1. 30 day payment period – all invoices for government-contracted work must be processed by public bodies within 30 days of receiving them, ensuring businesses get paid promptly. Lengthy payment periods can be an issue within the private sector, where larger businesses can dictate when they issue payment.

Spread the risk, share the prize

OK, so low-value tenders are good for SMEs to bid on, but what else? Well there are even more opportunities for SMEs to have success in the public sector if you are up for a little bit of networking and some good old-fashioned lead generation.

Partnerships

Sub Contracts

LOTS

By creating partnerships and connections with other suppliers, you stand a much better chance of winning new opportunities associated with larger contracts.

Subcontracts are a great way to benefit from said relationships. Even if higher value public contracts go to large companies, SMEs can play a role in these contracts by being hired on as sub-contractors.

And then there are LOTS. In short, a “lot” is a contract, or part of a contract, that is exempt from the public procurement rules. A large contract can be divided into smaller, separate contracts to be awarded and performed by a number of different suppliers. Buyers are encouraged to split contracts into smaller lots to enable them to award parts of the contracts to SMEs. Whats more, the value of the lot must be below the small lot threshold, meaning it falls right into that SME sweet spot.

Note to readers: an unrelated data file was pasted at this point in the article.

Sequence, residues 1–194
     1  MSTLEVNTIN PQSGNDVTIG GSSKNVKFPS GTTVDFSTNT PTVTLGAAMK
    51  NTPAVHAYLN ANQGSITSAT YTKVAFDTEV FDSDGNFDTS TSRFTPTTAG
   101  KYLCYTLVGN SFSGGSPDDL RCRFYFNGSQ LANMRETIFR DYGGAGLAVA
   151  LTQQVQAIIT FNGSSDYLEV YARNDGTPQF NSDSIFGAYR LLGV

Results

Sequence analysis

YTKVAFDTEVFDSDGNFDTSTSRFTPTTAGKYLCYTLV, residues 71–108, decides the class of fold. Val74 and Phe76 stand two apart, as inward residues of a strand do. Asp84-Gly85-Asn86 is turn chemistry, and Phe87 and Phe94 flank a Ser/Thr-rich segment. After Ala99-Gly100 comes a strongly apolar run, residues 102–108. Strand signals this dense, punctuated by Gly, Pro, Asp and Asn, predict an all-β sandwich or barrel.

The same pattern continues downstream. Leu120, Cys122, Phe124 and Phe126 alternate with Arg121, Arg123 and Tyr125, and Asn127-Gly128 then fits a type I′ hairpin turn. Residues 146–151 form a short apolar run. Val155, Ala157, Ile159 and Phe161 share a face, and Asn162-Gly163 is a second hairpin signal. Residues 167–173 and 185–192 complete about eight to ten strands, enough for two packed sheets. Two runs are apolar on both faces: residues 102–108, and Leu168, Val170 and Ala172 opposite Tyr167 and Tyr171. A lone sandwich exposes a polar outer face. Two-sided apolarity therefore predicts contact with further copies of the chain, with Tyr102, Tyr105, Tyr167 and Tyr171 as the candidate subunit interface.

These types of opportunities are more likely to give you a better bang for your buck (or quid if you are being picky)

Lead generation?

As I mentioned in my last post, there is a really massive, gigantic, huge secret in public procurement. Are you ready for it???

“Public procurement information is totally free and available to anyone who goes looking for it. And inside that lovely free information are leads, lots and lots of leads.”

By looking at Contract Award Notices (CANs to us winners), you can find out who won a tender you were interested in and start a conversation (ideally through the TenderHood’s online Collaboration Tool, lovingly represented by the Pub icon). There may be an opportunity to partner on a larger contract with that winning supplier, or you could even make an early engagement with the buyer, knowing that the contract will likely be awarded again in the future.

So don’t sit on your hands waiting for the right time to play in the public sector. There are opportunities out there for you to win right now!  Start your journey with The TenderHood’s map.  We’ll help you find the right opportunities that match your strategy.

What do you do as part of your business strategy to win tenders as an SME? Do you have any tips on how to build better connections? What would you like to see The TenderHood doing to make your life as an SME in public procurement easier? Use the comments field below.